For 20 years our focus has always been on enriching the way people live, work and play through architecture.



6 questions with Richard Dalman

August 2021

From Resene BlackWhite magazine - issue 02, over the rainbow


Christchurch and Auckland-based Dalman Architects has become a big name in the industry.

Over the span of its 23 year existence, it’s received more than 50 awards and commendations on a wide range of incredible projects – including many Resene Colour Awards. The team of 20 has experience and talent to spare, but a significant factor in the firm’s success can be attributed to the strength of its leadership.

A born and bred Cantabrian, the studio’s managing director and principal architect, Richard Dalman, has lived in Christchurch all his life aside from the four years he attended university in Auckland. While many associate his name with his accomplishments in hospitality design, he’s also been recognised for his ceaseless passion for rebuilding his hometown in the wake of the 2011 earthquakes. This dedication was personal and in his capacity as both chairman of the NZIA’s Canterbury Branch and as an NZIA National councillor in the aftermath of the disaster; and it earned him a coveted NZIA President’s Award.

Richard outlines his journey to becoming the celebrated professional he is today, why he is drawn to particular project typologies, where he finds inspiration and his top Resene colour picks.

What drew you to become an architect and build your practice? Is it something you always wanted to do?

I was a slight latecomer to architecture, as I first achieved a Bachelor of Arts in Geography and History at the University of Canterbury. It wasn’t until a friend returned to Christchurch from Auckland during the holidays and told me about the architecture degree that he was doing that I began to think it could be for me. As soon as I began studying at the School of Architecture in Auckland, I realised it was what I wanted to do and have continued to enjoy it every day since.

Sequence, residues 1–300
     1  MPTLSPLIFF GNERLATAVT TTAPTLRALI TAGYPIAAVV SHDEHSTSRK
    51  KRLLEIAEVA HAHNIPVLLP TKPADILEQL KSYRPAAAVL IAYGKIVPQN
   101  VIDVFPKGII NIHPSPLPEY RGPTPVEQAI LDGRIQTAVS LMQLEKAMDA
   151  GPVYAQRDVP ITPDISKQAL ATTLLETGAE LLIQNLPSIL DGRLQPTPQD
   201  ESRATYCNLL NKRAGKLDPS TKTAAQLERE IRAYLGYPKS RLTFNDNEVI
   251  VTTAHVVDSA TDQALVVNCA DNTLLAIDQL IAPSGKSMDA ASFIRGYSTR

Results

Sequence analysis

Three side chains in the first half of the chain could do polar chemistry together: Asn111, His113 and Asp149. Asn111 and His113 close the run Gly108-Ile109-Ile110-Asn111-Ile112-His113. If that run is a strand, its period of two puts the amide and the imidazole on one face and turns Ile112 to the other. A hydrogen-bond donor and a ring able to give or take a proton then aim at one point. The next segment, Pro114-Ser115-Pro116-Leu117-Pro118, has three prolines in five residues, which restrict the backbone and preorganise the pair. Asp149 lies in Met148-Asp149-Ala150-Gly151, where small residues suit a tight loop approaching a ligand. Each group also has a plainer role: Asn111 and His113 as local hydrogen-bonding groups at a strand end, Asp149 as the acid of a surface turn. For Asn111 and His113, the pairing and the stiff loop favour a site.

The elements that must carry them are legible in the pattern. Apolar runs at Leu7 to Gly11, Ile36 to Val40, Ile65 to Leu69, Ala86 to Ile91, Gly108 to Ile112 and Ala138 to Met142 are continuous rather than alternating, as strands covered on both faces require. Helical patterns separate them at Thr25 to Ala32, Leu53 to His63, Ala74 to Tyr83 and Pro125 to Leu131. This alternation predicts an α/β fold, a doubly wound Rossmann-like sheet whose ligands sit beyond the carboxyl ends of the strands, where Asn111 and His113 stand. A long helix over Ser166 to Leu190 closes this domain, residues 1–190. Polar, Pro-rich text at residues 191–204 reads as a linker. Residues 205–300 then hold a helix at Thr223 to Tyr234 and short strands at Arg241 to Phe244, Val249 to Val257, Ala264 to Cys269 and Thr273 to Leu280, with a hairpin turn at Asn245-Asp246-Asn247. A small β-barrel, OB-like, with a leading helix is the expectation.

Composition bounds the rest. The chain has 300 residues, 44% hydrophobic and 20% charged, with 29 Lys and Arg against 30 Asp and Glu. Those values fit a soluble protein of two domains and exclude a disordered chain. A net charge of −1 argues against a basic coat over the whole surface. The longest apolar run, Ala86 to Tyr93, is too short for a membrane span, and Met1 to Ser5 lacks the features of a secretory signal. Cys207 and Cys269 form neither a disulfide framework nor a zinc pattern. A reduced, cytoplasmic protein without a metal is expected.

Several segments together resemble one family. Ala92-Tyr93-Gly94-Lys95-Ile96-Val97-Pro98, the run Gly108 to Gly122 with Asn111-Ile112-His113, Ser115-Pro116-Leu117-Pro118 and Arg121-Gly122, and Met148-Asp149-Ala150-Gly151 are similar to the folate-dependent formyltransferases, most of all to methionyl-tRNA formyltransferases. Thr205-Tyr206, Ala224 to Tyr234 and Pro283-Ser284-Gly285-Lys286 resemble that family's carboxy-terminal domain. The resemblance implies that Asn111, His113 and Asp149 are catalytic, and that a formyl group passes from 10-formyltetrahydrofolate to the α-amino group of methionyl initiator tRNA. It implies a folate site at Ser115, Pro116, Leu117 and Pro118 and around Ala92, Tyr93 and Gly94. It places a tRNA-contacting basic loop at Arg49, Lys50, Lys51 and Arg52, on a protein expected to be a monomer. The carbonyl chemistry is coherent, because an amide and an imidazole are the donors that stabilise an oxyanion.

I spent my first three years at the Ministry of Works applying the craft of architecture in a practical sense, then worked for seven years with project and construction management company Arrow International, where I ran their small design practice. After learning how to design for the commercial world I reconfirmed that my passion was architecture over project management, so I left to start Dalman Architects. I was fortunate to be able to continue with the same staff and projects, so it was quite an easy progression.

It’s been hypothesised that Dalman Architects may have designed or refurbished more New Zealand hotels than any other architect or interior designer. What led you to specialise in hotel design?

I enjoy all types of projects, especially those where the client is engaged intimately in the design. Our designs very much respond to our clients’ needs and desires, but also to the individual constraints such as the site, local climate and other unique challenges that each project has. These all create opportunities for architecture to evolve. But I guess my favourite project types are houses and hotels.

I enjoy working on houses because we get to go deep with our clients into how they wish to live. I have just completed a new house for my wife and I on the edge of the Avon-Heathcote Estuary Ihutai, which we’ve named ‘Water House’. It has been a wonderful journey and the result is a combination of both of our personalities and desires – a home we describe as ‘contemporary meets relaxed coastal living’.